It’s a term meaning “under the rose”, and it denotes secrecy, silence and conspiracy. The phrase has no single origin; it might refer to the rose as a symbol of silence and the Greek god Harpocrates, as well as a symbol of secrecy originating from a story of Aphrodite giving a rose to Harpocrates to ensure that her indiscretions remained silent and secret. In ancient Rome, roses were painted or carved in the ceilings of banquet rooms, ensuring that things said under the influence of wine would remain under the rose. In Christian confessionals, the phrase and the symbol of a five-petalled rose are sometimes invoked to reinforce silence and secrecy. Modern security services and agencies will use the term for covert operations, and the phrase even finds its home in meetings in parliaments that are held “off the record”.
Sub Rosa is also a game, but it’s not solely about secrecy. A key element of the Sub Rosa game is conspiracy, downfall, secrets and lies and the dangers inherent in all of them. It’s a game that takes place in a dark city, where players take on the role of Inquisitors of the Sub Rosa Society, a secret society within a larger church which has taken on a mandate of guarding the city from corruption, collapse, chaos and heresy. Their work is paramount, secret, and rife with conspiracy and the ever-present threat of the evil within. The Inquisitors are sanctified; all they do in the name of their society is forgiven and allowed. Can anyone’s conscience survive doing evil to prevent it? Will they find that the collapse of society is simply a mirror of what’s happening within them?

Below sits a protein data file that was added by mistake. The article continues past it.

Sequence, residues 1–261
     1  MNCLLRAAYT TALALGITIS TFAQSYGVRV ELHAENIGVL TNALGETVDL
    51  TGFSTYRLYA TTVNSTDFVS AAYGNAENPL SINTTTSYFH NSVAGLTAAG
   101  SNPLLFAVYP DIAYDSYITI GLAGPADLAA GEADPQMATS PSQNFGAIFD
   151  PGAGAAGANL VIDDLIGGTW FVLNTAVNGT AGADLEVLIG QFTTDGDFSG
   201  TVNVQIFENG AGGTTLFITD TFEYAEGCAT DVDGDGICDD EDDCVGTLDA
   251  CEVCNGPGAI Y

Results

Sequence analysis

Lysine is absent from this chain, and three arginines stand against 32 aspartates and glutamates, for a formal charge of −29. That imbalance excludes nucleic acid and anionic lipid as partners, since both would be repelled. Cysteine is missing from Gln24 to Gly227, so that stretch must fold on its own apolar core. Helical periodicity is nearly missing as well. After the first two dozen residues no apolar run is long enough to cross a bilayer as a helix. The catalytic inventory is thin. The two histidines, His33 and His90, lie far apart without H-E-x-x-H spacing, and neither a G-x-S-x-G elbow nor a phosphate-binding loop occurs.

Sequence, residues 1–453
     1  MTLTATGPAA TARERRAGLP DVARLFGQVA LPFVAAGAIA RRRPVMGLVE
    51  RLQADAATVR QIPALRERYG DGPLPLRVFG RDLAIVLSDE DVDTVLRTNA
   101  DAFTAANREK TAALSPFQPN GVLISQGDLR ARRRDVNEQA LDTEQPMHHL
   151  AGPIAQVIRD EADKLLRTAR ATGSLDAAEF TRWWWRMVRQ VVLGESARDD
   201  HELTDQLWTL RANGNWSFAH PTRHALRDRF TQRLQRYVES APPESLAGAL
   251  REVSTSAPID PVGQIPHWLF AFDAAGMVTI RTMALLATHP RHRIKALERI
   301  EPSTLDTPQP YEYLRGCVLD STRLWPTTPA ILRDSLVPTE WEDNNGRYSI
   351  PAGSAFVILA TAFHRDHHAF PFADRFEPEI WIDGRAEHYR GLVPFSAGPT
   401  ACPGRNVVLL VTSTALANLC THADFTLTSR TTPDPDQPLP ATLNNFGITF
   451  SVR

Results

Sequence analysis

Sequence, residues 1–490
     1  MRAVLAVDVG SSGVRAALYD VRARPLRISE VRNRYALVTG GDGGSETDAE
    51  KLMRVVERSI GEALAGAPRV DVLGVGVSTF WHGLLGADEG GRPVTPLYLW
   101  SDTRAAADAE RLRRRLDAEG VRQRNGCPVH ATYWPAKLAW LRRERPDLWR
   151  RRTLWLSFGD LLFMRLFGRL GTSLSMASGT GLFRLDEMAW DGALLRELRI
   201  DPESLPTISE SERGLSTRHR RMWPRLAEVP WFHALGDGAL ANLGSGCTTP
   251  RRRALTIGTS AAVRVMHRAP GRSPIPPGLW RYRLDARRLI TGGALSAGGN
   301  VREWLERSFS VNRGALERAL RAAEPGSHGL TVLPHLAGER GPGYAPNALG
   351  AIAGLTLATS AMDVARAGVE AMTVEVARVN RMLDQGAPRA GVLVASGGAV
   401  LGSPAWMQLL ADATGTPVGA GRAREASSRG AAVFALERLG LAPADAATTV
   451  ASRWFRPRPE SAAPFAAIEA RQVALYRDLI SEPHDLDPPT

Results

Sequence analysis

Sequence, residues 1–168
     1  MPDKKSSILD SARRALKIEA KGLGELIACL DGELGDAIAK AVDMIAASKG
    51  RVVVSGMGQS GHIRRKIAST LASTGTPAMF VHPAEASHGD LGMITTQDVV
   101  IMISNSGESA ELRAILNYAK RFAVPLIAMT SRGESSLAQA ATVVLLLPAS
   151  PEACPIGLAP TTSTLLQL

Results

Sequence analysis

One player takes on the role of the Lord Inquisitor, the high master of the society. He’s an enigmatic, cruel and bird-like figure who seemingly delights in watching his underlings suffer for his causes, personal or otherwise. He often instructs the cell (a collective term for the inquisitors) to perform certain tasks or investigations on his behalf. The player of the Lord Inquisitor is therefore not just responsible for this one character, but also for every investigation the Inquisitors take on. That means giving the players the leads they’ll need to progress, tracking their blessings, playing any characters they interact with and so on. At the end of every game, the cell will report their version of what they did to the Lord Inquisitor, who -of course- already knows everything that occurred during the mission thanks to his hidden eyes and ears and will judge them based on their success… or failure.